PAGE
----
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NCJ Number: 155673 Find in a Library
Title: Does Conviction Have a Persistent Effect on Income and Employment?
Journal: International Review of Law and Economics  Volume:14  Issue:1  Dated:(March 1994)  Pages:103-119
Author(s): J Waldfogel
Date Published: 1994
Page Count: 17
Type: Research (Applied/Empirical)
Format: Article
Language: English
Country: United States of America
Annotation: This study examined the effect of conviction on income and employment by using data on pre- and postconviction legitimate income for a cohort of offenders convicted of fraud and larceny in the Federal criminal justice system in 1984.
Abstract: The analysis focused on the cross-sectional gaps between pre- current conviction income levels of offenders with different numbers of prior convictions in 1984. The longitudinal data were used to measure the effects of conviction on offenders with various numbers of prior convictions. The results indicated that cross- sectional gaps in income stem from past conviction effects. In terms of employment, it appears that the gap equals the sum of relevant conviction effects, and for income, accumulated conviction effects exceed the gap. Thus, while employment conviction effects are at most fully persistent, income conviction effects are at most less than fully persistent. 5 tables, 2 figures, 15 notes, and 7 references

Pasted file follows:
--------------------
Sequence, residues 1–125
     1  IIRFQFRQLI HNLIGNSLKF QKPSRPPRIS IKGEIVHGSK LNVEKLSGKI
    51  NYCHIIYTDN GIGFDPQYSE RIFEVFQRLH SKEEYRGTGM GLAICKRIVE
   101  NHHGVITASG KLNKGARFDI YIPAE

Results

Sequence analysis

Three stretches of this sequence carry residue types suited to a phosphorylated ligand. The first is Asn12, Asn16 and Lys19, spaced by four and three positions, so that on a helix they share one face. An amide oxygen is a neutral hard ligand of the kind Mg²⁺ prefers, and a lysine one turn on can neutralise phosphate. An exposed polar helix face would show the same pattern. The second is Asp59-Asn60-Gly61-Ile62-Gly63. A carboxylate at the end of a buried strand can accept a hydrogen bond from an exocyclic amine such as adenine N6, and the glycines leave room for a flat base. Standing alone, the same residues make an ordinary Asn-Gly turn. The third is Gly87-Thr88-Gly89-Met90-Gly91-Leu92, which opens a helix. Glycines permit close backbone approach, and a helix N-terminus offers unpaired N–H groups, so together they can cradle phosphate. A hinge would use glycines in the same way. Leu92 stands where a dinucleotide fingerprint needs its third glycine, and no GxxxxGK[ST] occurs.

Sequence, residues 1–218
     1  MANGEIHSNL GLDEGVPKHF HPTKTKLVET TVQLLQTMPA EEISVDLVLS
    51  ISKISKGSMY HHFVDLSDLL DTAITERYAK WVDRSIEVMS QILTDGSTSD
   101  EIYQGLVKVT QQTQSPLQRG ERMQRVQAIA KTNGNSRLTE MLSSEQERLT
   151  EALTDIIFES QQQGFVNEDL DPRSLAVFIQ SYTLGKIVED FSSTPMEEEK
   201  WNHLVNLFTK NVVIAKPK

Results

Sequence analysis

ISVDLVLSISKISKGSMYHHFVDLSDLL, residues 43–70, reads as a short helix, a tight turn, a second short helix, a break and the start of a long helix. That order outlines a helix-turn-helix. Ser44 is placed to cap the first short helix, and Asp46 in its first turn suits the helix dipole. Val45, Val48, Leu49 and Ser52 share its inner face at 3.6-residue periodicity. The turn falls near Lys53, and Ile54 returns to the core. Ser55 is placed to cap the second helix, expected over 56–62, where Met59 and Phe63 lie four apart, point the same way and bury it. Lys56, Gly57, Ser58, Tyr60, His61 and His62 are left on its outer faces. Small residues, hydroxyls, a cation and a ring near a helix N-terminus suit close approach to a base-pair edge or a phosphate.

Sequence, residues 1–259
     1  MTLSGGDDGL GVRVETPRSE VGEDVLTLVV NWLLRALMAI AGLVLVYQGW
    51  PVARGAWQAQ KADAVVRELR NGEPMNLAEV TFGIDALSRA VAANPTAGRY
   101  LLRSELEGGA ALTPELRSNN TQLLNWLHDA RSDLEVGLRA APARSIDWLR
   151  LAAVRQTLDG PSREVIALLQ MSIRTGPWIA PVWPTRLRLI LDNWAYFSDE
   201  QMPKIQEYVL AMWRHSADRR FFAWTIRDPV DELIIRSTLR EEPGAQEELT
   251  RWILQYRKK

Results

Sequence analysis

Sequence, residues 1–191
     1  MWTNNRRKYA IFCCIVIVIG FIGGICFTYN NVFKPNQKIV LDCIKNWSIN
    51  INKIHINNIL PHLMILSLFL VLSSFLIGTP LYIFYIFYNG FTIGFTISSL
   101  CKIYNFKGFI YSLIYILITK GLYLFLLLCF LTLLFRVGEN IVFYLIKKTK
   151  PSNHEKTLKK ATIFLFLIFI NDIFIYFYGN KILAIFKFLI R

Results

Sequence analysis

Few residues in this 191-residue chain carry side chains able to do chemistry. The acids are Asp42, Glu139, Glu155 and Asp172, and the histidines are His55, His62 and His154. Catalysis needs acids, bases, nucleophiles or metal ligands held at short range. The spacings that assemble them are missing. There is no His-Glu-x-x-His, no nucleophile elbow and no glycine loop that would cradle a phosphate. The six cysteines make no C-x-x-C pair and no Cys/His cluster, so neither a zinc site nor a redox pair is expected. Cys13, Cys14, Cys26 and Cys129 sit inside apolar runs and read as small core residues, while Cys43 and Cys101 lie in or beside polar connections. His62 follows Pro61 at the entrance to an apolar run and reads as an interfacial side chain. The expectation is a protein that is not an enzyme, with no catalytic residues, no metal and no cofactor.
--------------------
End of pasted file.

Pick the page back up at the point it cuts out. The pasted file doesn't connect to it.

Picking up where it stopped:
Main Term(s): Courts
Index Term(s): Corrections; Criminal histories; Ex-offender employment
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